“Before we opened they were struggling a lot,” said Lisa. “Now if you don’t reservation, you’re never going to get in if there’s something going on at the art center.”
Art centers can also boost a city’s image beyond its borders.
Parker’s building, which also features a theater, gallery space and classrooms, is one of the better-looking pieces of architecture in the southern counties, designed by Semple Brown, the same firm that brought downtown’s elegant Ellie Caulkins Opera House back to life a few years ago.
The Lakewood Cultural Center has made the city a destination for outsiders, drawing a significant crowd from Denver and competing successfully with both the Denver Performing Arts Center and the Newman Center for the Arts at the University of Denver — if on a much more intimate scale.
Its secret weapon: high-quality programming. The Lakewood Cultural Center Presents series imports some of the country’s most highly-regarded performing groups into its 320-seat theater, which, with its excellent sight lines and a sharp rake, might be the best place to see dance in the entire Front Range.
So, in addition to giving Lakewood a place for summer camps and school programs, and hosting crucial community events like graduations and recitals, the center makes Lakewood a cultural leader regionally, a boost to civic pride that doesn’t cost all that much. The Lakewood Presents series covers its own costs over the course of a season, said Executive Director Susan Martin, who books the acts.
Community art centers do have some artistic limitations.
Government sponsorship of the arts, no matter its form, tends to be on the safe side side. Programming has to stay neutral politically, so it’s not pushing a particular agenda. Don’t expect too much cussing or nudity or avant grade thinking, either, and that means a lot of the best, and current, art, is off limits.
Even Martin, who keeps her standards very high, acknowledges Lakewood’s offerings “are not really cutting edge.” She can’t do what an academically-linked theater, like DU’s Newman Center might be capable of. “We’re trying to walk a line so that we still help people think and question things, but only push the envelope a little bit.”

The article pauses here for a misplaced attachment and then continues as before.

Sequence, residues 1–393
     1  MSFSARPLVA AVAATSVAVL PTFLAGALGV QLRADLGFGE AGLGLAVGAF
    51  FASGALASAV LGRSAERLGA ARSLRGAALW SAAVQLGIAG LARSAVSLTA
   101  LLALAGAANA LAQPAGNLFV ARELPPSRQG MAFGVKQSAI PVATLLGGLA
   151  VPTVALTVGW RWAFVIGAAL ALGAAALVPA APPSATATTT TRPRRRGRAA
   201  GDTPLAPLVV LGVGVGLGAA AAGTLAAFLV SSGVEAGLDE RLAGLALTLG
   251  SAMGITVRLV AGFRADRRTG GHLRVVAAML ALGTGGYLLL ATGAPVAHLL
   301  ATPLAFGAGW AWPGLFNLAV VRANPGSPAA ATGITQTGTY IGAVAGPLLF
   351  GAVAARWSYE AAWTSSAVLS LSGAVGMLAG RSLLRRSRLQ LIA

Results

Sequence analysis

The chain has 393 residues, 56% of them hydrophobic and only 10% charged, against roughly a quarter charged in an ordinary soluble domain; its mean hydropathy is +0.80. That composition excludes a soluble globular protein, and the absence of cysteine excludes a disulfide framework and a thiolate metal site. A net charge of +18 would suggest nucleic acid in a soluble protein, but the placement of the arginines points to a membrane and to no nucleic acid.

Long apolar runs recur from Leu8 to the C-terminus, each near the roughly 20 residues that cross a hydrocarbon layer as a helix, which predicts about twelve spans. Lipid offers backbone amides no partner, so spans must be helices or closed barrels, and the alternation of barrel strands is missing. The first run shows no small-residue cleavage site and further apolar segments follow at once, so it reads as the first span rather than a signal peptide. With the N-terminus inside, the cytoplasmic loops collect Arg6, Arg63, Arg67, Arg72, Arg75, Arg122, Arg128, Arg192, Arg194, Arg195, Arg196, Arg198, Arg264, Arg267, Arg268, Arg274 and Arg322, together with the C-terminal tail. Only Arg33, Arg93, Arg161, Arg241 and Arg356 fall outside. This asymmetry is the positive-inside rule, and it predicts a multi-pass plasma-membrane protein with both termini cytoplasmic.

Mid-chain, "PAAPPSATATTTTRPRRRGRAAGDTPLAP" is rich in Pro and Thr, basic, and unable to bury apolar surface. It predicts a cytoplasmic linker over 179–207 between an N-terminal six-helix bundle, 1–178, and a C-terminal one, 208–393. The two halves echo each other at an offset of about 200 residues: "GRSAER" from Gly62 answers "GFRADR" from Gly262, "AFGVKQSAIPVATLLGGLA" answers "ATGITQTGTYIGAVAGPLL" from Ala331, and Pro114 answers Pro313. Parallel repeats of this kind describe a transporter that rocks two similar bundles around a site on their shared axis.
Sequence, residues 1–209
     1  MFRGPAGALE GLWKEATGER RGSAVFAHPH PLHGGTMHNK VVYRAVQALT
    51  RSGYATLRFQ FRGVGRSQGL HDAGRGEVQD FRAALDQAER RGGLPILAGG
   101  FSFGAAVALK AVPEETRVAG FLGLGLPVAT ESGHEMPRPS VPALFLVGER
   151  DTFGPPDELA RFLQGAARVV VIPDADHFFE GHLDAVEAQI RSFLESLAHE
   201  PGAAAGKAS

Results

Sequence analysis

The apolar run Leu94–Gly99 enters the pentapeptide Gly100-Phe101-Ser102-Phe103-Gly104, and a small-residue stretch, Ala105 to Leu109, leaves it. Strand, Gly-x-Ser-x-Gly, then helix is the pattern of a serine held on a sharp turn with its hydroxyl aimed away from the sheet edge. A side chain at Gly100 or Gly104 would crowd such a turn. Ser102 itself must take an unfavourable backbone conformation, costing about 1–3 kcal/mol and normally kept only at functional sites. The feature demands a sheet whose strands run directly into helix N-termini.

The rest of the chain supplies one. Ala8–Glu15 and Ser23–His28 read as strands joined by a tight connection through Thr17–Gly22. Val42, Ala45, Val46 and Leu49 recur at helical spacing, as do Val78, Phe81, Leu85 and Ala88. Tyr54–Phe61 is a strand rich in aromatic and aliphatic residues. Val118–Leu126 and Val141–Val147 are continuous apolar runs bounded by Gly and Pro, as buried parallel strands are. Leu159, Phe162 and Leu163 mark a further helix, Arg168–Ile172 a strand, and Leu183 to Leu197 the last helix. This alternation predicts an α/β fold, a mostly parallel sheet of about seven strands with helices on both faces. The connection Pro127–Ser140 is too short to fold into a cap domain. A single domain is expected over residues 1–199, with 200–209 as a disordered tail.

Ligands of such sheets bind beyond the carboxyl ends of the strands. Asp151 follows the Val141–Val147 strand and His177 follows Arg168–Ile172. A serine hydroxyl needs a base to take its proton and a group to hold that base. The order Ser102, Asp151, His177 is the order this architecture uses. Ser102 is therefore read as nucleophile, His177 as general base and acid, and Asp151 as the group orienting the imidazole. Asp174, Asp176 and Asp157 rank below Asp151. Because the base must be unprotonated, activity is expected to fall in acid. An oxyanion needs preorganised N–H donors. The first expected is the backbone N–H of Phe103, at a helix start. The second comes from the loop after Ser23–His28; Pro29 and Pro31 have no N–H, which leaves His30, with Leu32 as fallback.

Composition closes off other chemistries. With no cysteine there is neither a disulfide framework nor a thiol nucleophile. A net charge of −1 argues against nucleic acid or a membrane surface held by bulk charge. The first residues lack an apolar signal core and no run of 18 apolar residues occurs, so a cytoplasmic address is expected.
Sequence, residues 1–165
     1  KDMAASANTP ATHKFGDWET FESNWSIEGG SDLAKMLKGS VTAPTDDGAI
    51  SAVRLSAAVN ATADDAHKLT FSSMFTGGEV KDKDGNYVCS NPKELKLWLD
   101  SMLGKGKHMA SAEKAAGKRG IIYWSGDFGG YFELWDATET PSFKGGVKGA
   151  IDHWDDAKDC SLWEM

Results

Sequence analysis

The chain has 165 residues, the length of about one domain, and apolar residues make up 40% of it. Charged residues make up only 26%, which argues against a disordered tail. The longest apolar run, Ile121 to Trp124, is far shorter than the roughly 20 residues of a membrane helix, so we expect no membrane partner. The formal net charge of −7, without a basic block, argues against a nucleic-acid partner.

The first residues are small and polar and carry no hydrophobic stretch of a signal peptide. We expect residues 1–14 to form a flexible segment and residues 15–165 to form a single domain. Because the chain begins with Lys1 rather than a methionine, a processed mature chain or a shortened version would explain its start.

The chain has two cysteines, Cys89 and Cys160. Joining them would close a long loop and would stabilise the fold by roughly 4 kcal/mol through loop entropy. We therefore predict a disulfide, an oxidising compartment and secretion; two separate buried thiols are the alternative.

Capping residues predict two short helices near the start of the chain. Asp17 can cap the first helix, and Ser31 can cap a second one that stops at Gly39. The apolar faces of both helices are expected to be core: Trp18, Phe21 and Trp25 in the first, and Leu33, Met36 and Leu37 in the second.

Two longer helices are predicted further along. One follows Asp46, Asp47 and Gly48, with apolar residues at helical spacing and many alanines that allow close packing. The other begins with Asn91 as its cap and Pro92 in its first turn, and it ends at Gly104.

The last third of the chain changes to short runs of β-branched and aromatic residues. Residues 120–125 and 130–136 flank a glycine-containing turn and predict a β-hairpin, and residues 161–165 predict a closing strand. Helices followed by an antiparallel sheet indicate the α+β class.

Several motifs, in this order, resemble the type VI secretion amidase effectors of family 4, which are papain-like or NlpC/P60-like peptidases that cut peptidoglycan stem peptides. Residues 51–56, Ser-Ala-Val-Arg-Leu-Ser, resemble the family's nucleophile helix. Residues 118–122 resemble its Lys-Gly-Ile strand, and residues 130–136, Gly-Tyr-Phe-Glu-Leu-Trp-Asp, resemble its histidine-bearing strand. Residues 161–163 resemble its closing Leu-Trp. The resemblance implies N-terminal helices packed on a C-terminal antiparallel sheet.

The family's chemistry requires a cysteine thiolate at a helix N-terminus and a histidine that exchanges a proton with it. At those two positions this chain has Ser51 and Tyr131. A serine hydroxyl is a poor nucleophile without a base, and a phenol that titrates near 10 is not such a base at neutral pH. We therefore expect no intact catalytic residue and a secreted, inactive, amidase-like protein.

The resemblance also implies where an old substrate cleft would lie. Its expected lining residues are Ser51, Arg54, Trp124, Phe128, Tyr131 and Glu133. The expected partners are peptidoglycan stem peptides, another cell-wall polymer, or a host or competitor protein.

It may be one reason why a politically-charged place like Boulder has resisted the trend of building a municipal arts center. The city already benefits from the University of Colorado’s high-minded “CU Presents” series and there’s a lot of avant grade programming around that campus, like the electronic-music based Boulder Laptop Orchestra, so why step into that minefield?
Artistic freedom is one of the reasons the Arvada Center for the Arts and Humanities, the grandaddy of all suburban art temples, cut off its official ties with the city this July, after 40 years. Arvada is known far and wide for its musical theater and Colorado-centric art gallery, but it’s never been all that adventurous.
The center has also had some challenges raising private contributions for new projects, a common problem for government art centers. People just don’t see the wisdom of donating to culture when they’re already funding a facility through their tax dollars. The separation agreement between the city and the center should help alleviate both the art and money limitations; the government is promising to continue its nearly $4 million a year subsidy of the complex but the center will have the programming flexibility of a nonprofit.
So what can Aurora learn from the region’s art centers?
Mayor Hogan likes the programming in Lone Tree and Parker. He likes how Arvada has used it to become a destination and he like how all the centers serve as community gathering places.
He’s also has the benefit of some more current thinking in the way governments get big projects done. Why not a investigate a public-private partnership, like the one that made Denver’s Union Station redevelopment happen?
The other big question is location. Should Aurora build in the Colfax Avenue corridor and try to reinvigorate an ailing part of town? Or should it build in the geographic center, closer to government services complex, and bring a soul to a new section of the city. Maybe it should be near the Gaylord Rockies Resort and Convention Center, set to debut in 2018 as Colorado’s largest hotel, where it could program in a bigger way and impact tourism.
Hogan is into all those squishy things that come up when we talk about art — community building, enlightenment, education communication across demographics. But he also wants to do whatever it takes to raise the curtain on his plan.
“We need a performing arts center and we also need a a place where people can get together for a number of reasons, for anything from arts-related to community-related things.”